Still recovering from a brain injury after an accident at P.E.I.'s Brookvale Winter Activity Park, Ryan Condon wants the province to make helmet use at the park mandatory.

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Ryan Condon shows where the snowboard cracked his skull. ((CBC))

The 16-year-old Bonshaw resident lost the use of his dominant hand in the accident last month, and it is only slowly returning.

"Some little kid cut me off and then I fell, and one of my buddies that was snowboarding behind me accidentally hit me in the head," Condon told CBC News on Tuesday.

When his mother got the call, it sounded like a minor accident, requiring only stitches, but by the time she got to the hospital, doctors realized the case was more serious. Ryan needed brain surgery.

"He described it as an egg that was being cracked. That's exactly what the side of his head would look like," said Karen Condon.

"He figured that there was bone in his brain somewhere, because of the way the hand was reacting. So what he had to do was go in and take the little pieces of bone out and fix up the side of his skull."

Helmets seen as uncool

Ryan Condon has never worn a helmet while snowboarding, something he now regrets, and he'd like the government to move to prevent other accidents, and other people from sharing his regret.

"I know I wouldn't be wearing a helmet if it didn't happen to me, so people should wear helmets," he said.

"Unless the government does make it mandatory, probably a lot of people won't wear them."

Brett Doyle, a snowboarder and sports-gear retailer, agrees the province should act. A mandate from the province would make a huge difference, because it owns P.E.I.'s only ski hill.

Doyle said part of the problem is that professional snowboarders are failing to set an example.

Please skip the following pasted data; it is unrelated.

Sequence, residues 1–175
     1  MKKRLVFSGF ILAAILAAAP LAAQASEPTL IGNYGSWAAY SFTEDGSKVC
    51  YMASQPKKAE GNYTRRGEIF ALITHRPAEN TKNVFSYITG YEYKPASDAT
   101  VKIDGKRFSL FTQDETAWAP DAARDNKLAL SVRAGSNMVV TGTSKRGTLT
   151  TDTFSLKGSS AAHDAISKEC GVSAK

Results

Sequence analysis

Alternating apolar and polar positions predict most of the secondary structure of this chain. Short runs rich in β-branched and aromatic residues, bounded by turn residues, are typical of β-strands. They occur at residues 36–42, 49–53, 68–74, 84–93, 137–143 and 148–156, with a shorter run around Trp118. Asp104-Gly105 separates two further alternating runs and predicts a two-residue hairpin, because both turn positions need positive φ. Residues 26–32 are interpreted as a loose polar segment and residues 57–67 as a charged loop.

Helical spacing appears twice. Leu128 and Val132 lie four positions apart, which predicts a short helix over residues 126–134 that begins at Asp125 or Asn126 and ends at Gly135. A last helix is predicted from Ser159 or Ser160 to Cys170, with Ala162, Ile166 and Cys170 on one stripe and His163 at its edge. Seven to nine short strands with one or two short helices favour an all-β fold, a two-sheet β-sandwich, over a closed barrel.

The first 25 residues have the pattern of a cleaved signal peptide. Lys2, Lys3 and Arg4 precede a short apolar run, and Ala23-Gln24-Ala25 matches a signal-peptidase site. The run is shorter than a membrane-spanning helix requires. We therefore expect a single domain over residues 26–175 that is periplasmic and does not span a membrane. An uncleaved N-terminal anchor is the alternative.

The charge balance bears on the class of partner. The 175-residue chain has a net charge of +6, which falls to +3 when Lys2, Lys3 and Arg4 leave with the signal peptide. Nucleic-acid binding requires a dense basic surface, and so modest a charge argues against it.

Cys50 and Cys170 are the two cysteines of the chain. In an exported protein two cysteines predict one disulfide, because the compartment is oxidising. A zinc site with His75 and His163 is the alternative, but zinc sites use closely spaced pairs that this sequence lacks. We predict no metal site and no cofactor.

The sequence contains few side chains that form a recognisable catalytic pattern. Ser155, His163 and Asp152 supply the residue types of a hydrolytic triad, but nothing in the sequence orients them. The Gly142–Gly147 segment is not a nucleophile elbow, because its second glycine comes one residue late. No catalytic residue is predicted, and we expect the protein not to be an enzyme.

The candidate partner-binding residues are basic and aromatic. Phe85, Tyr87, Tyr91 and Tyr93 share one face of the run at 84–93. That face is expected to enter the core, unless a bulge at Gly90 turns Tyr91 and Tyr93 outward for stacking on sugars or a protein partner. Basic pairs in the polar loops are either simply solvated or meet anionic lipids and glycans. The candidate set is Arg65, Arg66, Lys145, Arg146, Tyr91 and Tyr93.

"For some reason there seems to be an uncoolness factor, a taboo to wear a helmet," he said.

"As a result, the kids that are looking up to them, they don't wear them either."

There are no jurisdictions in North America that mandate helmets on ski hills, but it's not just a reluctance to be first that makes the province hesitate.

Snowboarder ready to go again, with helmet

The Canadian Standards Association hasn't published its standards for alpine ski and snowboard helmets, so there aren't any helmets on the Canadian market that are certified to meet CSA requirements, Anthony Toderian, a spokesman for the CSA based in Toronto, told CBC News on Wednesday.

CSA standards are voluntary, added Toderian, and it's up to federal or provincial regulators, or different sports associations, to determine how and if they are going to apply approved standards.

"That's the hard part, is to whether or not you know the helmets are going to protect to the extent that one might expect," said Tourism Minister Valerie Docherty.

"We're trying to follow along both what all the other ski parks are doing in Canada. We're working with the legality side of it."

Ryan Condon intends to return to snowboarding, and CSA approved or not, said he'll be wearing a helmet, and he'll be encouraging everyone he knows to do the same.